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Jakarta Post

COVID-19 opens way for educational reform, technology acceleration: Nadiem

  • Alya Nurbaiti

    The Jakarta Post

Jakarta   /   Fri, September 18, 2020   /   09:59 am
COVID-19 opens way for educational reform, technology acceleration: Nadiem Children from Jembatan Lima, West Jakarta, take part in an online class organized by the neighborhood unit (RT) on Sept. 4. The program was held in a park and complied with health protocols. (JP/P.J. Leo)

While it has taken a toll on students and their learning outcomes, the COVID-19 pandemic has presented opportunities for educational reform thanks to the acceleration on technology use, Education and Culture Minister Nadiem Makarim has said.

Speaking at the Yidan Prize Asia Pacific Conference held by Chinese education foundation Yidan Prize on Wednesday, the minister said the health crisis had caused some positive transformations, including parents’ increased participation in their children’s education.

“We have never seen such a level of forced adaptation as when parents and teachers stumbled across learning how to use the technology. We’ve also never seen the number of parents who realize what a curriculum is, what homework is or how difficult it is to teach your children,” said Nadiem.

He added that the pandemic had forced policymakers to work harder to address inequality gaps. During the pandemic, students living in rural areas and those from low-income families have struggled to access and afford the hardware and internet access necessary to participate in online classes.

A survey launched by SMERU in July showed that teachers in villages, especially outside Java, needed to visit their students’ homes to give and collect homework because of a lack of internet access.

Read also: Teachers go extra mile to teach students as schools remain close

“The agenda of digitalizing schools to level the playing field in areas that may not have access has now been accelerated, as well as the redistribution of good teachers and the adoption of technology as a tool to enhance the capability of teachers, parents and students,” the minister said.

McKinsey & Co. Education Practice chief Li-Kai Chen said it was important to harness technology to scale up access and redefine teachers’ roles. She said that teachers should be integrated with technology to enhance access and quality.

“[It shouldn’t be] one device for every child but low-cost solutions to support group learning. Teachers must also be learning navigators to help students adapt to remote learning,” Chen said.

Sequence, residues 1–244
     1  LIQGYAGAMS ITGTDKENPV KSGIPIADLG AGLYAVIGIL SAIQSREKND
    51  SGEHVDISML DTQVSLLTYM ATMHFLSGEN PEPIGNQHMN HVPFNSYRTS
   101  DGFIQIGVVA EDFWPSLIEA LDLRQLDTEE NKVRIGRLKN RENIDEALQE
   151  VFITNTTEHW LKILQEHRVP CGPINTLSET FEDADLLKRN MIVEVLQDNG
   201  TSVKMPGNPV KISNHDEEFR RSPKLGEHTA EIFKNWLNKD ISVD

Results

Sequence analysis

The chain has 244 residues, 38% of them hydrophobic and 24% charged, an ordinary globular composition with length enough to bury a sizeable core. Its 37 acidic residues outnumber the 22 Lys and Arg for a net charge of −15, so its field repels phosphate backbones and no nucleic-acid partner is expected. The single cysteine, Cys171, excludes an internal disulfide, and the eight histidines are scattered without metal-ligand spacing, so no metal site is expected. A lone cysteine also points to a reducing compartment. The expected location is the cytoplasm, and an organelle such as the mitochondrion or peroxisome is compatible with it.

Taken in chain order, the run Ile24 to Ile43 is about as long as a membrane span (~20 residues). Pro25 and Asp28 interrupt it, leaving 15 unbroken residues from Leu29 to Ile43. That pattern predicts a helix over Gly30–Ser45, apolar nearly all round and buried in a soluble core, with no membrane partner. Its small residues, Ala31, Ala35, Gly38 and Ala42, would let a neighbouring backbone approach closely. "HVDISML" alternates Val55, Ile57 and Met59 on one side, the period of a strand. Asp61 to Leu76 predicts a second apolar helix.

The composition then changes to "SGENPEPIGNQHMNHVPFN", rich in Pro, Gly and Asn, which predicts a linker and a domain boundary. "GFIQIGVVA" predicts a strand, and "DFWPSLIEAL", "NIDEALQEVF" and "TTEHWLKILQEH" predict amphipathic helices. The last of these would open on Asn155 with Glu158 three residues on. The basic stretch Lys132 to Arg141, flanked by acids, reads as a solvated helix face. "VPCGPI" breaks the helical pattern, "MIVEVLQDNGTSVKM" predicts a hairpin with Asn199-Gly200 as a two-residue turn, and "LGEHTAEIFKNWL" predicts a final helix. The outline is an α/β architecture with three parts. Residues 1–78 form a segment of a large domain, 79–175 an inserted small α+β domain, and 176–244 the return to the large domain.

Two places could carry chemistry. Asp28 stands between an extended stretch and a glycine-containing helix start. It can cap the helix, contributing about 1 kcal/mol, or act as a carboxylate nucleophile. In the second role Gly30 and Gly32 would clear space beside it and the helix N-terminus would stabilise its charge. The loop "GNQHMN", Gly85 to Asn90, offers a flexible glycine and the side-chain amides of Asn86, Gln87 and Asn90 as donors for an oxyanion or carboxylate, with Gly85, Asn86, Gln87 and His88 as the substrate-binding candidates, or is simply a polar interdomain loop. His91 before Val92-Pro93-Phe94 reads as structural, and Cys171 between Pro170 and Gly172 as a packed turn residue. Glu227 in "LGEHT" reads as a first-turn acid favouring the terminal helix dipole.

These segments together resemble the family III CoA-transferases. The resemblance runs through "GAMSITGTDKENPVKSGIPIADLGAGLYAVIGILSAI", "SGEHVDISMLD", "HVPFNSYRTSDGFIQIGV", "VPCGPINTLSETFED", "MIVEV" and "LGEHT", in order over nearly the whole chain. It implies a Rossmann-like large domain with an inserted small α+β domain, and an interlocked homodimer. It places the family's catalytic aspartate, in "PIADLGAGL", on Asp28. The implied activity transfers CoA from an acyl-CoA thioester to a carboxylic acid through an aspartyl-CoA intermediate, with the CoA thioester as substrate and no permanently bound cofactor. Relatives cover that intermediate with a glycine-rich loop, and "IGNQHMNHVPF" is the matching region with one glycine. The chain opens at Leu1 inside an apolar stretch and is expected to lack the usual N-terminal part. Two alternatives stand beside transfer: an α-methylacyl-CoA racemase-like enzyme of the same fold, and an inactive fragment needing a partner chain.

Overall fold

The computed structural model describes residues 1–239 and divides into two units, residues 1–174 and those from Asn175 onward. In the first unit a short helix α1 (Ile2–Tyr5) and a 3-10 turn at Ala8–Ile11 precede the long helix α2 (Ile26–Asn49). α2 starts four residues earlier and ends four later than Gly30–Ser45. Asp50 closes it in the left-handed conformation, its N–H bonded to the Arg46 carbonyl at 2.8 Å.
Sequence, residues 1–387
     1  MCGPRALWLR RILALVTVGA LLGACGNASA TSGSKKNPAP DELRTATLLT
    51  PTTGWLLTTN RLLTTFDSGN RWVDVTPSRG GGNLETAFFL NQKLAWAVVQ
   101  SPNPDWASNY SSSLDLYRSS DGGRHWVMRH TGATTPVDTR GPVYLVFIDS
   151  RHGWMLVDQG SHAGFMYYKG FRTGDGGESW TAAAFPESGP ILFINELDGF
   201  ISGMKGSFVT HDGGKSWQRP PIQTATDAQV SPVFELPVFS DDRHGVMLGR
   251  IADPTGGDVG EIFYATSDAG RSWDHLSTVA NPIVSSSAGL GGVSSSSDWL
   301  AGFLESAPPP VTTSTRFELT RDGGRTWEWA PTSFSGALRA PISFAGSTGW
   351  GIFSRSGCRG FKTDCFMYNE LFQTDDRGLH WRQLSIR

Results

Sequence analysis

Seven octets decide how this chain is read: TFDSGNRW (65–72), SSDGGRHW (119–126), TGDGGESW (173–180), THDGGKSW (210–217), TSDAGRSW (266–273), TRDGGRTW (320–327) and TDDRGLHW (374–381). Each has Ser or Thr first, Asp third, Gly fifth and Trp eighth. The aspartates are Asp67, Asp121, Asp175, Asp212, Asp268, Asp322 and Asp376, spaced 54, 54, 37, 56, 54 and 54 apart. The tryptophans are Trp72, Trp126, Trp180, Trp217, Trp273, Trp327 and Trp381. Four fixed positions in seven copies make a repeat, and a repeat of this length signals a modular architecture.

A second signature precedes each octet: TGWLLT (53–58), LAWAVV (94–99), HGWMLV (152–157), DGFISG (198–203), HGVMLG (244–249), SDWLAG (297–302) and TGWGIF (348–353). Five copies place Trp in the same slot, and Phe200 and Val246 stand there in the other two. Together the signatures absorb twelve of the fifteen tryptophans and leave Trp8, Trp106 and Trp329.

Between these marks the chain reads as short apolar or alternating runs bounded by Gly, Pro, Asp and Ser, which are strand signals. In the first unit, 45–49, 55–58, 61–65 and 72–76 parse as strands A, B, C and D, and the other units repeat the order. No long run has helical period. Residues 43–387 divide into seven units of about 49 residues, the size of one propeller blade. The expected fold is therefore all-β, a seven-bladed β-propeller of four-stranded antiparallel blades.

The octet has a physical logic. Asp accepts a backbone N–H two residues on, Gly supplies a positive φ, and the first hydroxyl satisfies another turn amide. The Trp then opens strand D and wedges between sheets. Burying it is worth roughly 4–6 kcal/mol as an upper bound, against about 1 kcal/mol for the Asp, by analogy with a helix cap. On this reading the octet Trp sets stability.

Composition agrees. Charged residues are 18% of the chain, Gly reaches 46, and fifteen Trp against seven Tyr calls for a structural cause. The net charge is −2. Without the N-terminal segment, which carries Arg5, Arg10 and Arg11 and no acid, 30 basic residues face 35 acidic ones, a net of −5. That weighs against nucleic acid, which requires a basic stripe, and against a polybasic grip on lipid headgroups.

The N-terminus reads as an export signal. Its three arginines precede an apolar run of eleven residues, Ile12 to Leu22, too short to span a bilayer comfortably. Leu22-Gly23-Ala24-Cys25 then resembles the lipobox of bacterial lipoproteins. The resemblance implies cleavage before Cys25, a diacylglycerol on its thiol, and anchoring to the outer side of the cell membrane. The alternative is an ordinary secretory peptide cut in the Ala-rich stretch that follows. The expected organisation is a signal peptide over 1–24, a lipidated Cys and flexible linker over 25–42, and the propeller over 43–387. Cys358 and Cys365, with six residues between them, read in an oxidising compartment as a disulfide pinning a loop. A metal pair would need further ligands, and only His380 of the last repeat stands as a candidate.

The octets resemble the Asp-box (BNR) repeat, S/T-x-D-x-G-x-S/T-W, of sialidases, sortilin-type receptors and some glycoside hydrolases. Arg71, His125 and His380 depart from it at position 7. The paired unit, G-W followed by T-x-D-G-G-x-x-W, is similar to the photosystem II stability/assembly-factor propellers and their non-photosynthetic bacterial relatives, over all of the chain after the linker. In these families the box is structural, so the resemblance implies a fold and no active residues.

Nadiem acknowledged that remote learning could have negative impacts on younger students if it was not addressed properly, such as a lack of emotional and empathetic connection with teachers and fellow students.

The minister reasserted his commitment to improving the quality of teachers in the coming years amid the challenges of COVID-19.

“If you put great people in the right position in the education system, learning outcomes will improve. It’s also important to have educational leaders in schools. A principal must be a pedagogical leader instead of the administrator of the educational system.”

Technology, Nadiem added, could be used to lighten the burden of administrative matters on teachers so that they could dedicate more time and energy to teaching and selecting the most suitable curriculum.

The minister said peer-to-peer mentoring and training for teachers was an important method to build teachers’ capacity.

Read also: Government to revamp student assessment to improve PISA scores

Chen said the intervention necessary in countries with poor educational performance was the improvement of basic literacy and numeracy, rather than promoting peer-to-peer learning for teachers.

Indonesia’s educational performance is categorized as poor according to the triennial 2018 OECD Program for International Student Assessment (PISA), which measures the ability of 15-year-olds in science, reading and mathematics.

Out of 79 countries, Indonesia ranked 73rd in mathematics, 74th in reading and 71st in science, far below other ASEAN member states, including Singapore, which scored second-highest after China in all three subjects.

Chen said such performance could be improved by providing motivation and skill scaffolding for low-skilled teachers, improving schools’ infrastructure and raising students’ attendance.